The work to stand up two rockets for the launchpad-like exhibit of NASA's retired space shuttle Endeavour has been capped — literally and figuratively — with the addition of two nose cones.
As the California Science Center prepares to take Endeavour off public display for the next few years, the first major components for the orbiter's vertical exhibit are now complete at the construction site for the new Samuel Oschin Air and Space Center in Los Angeles. Just one month after crane operators hoisted into place the large segments for the two solid rocket boosters (SRBs), they were back in motion this week topping off the towering rockets with the forward assemblies.
Comprised of a nose cap, frustum, ordnance ring and forward skirt, each 27-foot-tall (8.2-meter), 10,000-pound (4,500-kilogram) assembly was raised from the street and lifted more than 100 feet (30.5 meters) into the air before being lowered onto a booster. Standing atop metal and wood scaffolding, workers then secured the hardware by inserting 195 one-inch-diameter (2.54-centimeter) metal pins.
The starboard, or right-side, booster was completed on Monday (Dec. 4), followed by the port, or left-side, rocket on Tuesday (Dec. 5).
In flight, the forward assemblies held the avionics, forward separation motors and drogue and main parachutes for each booster. After falling away from the external tank, the frustums were jettisoned and recovered separately.
The SRBs going on exhibit with Endeavour were assembled from all flight-worthy or previous launched parts as donated by Northrop Grumman and NASA. They were the first major components to be taken vertical as part of the science center's "Go for Stack" campaign. Early next year, the boosters will be mated with NASA's last-remaining, built-for-flight space shuttle external tank (ET-94), which has been parked in Exposition Park since 2016.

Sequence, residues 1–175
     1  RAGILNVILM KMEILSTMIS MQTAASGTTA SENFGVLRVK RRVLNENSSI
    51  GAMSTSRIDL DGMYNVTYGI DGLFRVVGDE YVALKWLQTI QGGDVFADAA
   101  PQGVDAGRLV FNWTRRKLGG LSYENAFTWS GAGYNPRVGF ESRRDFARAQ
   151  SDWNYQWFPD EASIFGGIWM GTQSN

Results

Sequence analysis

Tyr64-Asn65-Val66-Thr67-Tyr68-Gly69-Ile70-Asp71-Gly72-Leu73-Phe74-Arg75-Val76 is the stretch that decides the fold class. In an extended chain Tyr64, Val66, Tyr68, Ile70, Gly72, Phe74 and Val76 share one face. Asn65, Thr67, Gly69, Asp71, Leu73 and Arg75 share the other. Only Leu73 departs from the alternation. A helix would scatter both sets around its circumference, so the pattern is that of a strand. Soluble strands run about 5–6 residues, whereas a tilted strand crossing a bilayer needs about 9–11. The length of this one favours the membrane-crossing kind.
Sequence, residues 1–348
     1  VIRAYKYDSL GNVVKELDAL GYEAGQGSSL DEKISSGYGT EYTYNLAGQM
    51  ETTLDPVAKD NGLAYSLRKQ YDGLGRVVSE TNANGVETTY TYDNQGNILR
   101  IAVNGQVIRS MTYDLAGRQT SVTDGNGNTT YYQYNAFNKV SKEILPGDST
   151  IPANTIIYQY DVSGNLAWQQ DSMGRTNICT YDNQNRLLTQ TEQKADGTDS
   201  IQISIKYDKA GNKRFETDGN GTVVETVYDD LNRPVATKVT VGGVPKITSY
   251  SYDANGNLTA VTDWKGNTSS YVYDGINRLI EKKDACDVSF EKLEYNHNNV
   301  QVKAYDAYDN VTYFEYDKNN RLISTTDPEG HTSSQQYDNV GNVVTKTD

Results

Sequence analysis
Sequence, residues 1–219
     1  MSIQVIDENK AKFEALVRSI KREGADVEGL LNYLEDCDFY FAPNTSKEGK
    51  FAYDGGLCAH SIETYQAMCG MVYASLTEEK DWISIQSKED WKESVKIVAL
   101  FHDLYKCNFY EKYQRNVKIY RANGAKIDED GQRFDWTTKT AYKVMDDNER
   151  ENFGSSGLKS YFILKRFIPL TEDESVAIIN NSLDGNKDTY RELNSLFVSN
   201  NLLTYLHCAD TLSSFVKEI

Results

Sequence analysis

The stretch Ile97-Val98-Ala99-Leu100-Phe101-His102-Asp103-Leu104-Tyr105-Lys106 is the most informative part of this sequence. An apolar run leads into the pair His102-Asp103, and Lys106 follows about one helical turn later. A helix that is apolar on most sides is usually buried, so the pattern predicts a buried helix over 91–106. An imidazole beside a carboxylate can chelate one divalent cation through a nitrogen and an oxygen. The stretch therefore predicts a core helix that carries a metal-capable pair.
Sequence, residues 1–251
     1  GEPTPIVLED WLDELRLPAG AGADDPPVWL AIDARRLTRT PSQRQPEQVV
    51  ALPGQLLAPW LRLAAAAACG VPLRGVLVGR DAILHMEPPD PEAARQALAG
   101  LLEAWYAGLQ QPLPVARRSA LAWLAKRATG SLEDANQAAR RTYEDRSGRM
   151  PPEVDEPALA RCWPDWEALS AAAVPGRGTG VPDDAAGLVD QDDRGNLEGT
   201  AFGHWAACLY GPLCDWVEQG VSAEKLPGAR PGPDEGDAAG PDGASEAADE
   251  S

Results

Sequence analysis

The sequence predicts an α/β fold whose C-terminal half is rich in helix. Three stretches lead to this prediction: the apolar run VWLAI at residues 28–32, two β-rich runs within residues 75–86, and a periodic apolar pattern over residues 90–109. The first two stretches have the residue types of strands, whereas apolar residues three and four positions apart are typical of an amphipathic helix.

Endeavour, which has been on horizontal exhibit for the past 11 years, has less than a month left on its current display inside the Samuel Oschin Space Shuttle Pavilion. On Jan. 1, the orbiter's exhibit will be closed to the public in preparation for its move over to the Oschin Air and Space Center site and, on an upcoming night still to be determined, lifted by two cranes above the new museum's partially erected walls and onto the attach points on the external tank.
More scaffolding will be then be assembled around the orbiter to protect it and the entire space shuttle stack as work resumes to complete the building over the next few years.
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Robert Pearlman is a space historian, journalist and the founder and editor of collectSPACE.com, an online publication and community devoted to space history with a particular focus on how and where space exploration intersects with pop culture. Pearlman is also a contributing writer for Space.com and co-author of "Space Stations: The Art, Science, and Reality of Working in Space” published by Smithsonian Books in 2018. He previously developed online content for the National Space Society and Apollo 11 moonwalker Buzz Aldrin, helped establish the space tourism company Space Adventures and currently serves on the History Committee of the American Astronautical Society, the advisory committee for The Mars Generation and leadership board of For All Moonkind. In 2009, he was inducted into the U.S. Space Camp Hall of Fame in Huntsville, Alabama. In 2021, he was honored by the American Astronautical Society with the Ordway Award for Sustained Excellence in Spaceflight History.
I saw the first one go up April 12, 1981. I was on the causeway near Titusville. It was awesome.Reply
Jan. 28, 1986.....my father and I were listening to the launch on truck radio. In Fort Myers Fla. I asked Dad if he thought we might see something from the top of a large tank we were working on. He didn't think we be able to see anything. I was doubtful too, but we climbed to the top and looked N.E.Reply
Just above the horizontal tree-line we could see a small white exhaust arc. And then we saw that arc split. I told Dad there was something wrong.....we ran back down to truck radio.......and sure enough, it had exploded.
It was the only live launch we ever saw. And I can remember that little white arc.
I was there, too! Only launch I've ever seen. It was college Spring Break for us.billslugg said:I saw the first one go up April 12, 1981. I was on the causeway near Titusville. It was awesome.